The CERP was formally established by the Coalition Provisional Authority in July 2003 to provide U.S. military commanders in Iraq with a stabilization tool that benefitted the Iraqi people. The program supported urgent, small-scale projects that local governments could sustain, that generally cost less than $25,000, and that provided employment. DoD defined urgent as “any chronic and acute inadequacy of an essential good or service that, in the judgment of the local commander, calls for immediate action.” Among other things, CERP funds were used to: build schools, health clinics, roads, and sewers; pay condolence payments; support economic development; purchase equipment; and perform civic cleanup. DoD used CERP as a “combat multiplier” whose projects helped improve and maintain security in Iraq through non-lethal means. The program was considered “critical to supporting military commanders in the field in executing counterinsurgency operations” and its pacification effects important to saving lives.
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The aim of reintegration is to stabilize local areas by convincing insurgents, their leaders and their supporters to cease active and/or passive support for the insurgency and to become peaceful members of Afghan society. Reintegration will supplement the continuing lethal and non-lethal activities that form a part of counterinsurgency operations. Reintegration will complement efforts to support political, governance, social and economic opportunity within communities. U.S. support for the Afghan Reintegration Programs must be attuned to Afghan culture.
The Commanders Emergency Response Program (CERP) funds were the primary mechanism employed by Det L in using money as a weapons system. CERP funds were most readily available and afforded CA flexibility and responsiveness. CA Marines also used Post-Operations Emergency Relief Fund (POERF), an International Security Assistance Force (ISAF) NATO fund available for named operations. With the MEB higher headquarters (Regional Command-South) able to authorize single expenditures of up to 17,500 Euros (approximately U.S. $23,301) and as much as 70,000 Euros (approximately U.S. $93,204) available at a given time, the benefits of POERF included the ability to fill gaps when CERP was not available or could not be used due to statutory restrictions. For example, governed by ISAF SOP 930 and described as having fewer bureaucratic hurdles to overcome than CERP, POERF was used to rapidly fund programs such as providing emergency financial assistance to internally displaced people who were forced to relocate due to MEB military operations.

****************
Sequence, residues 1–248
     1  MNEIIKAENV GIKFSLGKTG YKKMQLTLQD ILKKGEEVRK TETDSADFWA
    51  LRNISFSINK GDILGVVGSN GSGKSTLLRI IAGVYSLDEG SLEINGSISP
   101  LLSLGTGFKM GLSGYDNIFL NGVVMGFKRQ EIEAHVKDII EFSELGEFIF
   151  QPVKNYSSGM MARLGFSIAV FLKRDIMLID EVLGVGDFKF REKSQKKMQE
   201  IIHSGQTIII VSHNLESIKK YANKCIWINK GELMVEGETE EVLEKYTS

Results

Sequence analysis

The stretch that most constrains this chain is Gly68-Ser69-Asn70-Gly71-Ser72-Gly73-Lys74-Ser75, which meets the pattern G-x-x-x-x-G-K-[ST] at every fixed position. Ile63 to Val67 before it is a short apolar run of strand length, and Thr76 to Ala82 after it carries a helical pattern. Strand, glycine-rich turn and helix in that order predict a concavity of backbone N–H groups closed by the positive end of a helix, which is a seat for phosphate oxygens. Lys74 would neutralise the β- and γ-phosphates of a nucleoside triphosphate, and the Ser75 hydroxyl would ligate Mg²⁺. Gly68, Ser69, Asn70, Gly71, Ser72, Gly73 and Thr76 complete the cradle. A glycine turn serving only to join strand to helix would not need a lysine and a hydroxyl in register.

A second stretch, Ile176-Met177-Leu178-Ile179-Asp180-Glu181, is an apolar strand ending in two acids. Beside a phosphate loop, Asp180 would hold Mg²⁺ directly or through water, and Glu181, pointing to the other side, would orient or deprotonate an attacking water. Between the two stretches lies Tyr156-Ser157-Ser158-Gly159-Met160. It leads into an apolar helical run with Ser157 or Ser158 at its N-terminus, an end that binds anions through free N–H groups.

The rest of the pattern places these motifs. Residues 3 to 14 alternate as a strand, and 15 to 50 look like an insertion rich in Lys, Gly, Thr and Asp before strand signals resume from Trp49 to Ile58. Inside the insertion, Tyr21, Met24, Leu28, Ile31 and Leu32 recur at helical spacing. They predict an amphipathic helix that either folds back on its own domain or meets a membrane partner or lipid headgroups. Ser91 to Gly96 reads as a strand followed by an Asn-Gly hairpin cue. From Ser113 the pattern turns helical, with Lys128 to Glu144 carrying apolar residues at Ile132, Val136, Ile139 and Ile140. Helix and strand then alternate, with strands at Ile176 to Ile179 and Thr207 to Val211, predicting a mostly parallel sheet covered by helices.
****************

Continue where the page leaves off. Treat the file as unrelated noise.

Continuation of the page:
The Money As A Weapon System – Afghanistan Commander’s Emergency Response Program Standard Operating Procedure supports the United States Government Integrated Civilian-Military Campaign Plan and ISAF Theater Campaign Plan (TCP). The Theater Campaign Plan lists objectives that include improving governance and socio-economic development in order to provide a secure environment for sustainable stability that is observable to the population. CERP provides an enabling tool that commanders can utilize to achieve these objectives. This is accomplished through an assortment of projects planned with desired COIN effects such as addressing urgent needs of the population, promoting GIRoA legitimacy, countering Taliban influence, increasing needed capacity, gaining access, building/expanding relationships, promoting economic growth, and demonstrating positive intent or goodwill.
January 4, 2011 in News
Roads, canals and schools built in Afghanistan as part of a special U.S. military program are crumbling under Afghan stewardship, despite steps imposed over the past year to ensure that reconstruction money is not being wasted, according to government reports and interviews with military and civilian personnel. U.S. troops in Afghanistan have spent about $2 billion over six years on 16,000 humanitarian projects through the Commander’s Emergency Response Program, which gives a battalion-level commander the power to treat aid dollars as ammunition. A report slated for release this month reveals that CERP projects can quickly slide into neglect after being transferred to Afghan control. The Afghans had problems maintaining about half of the 69 projects reviewed in eastern Laghman province, according to the audit by the Special Inspector General for Afghanistan Reconstruction (SIGAR).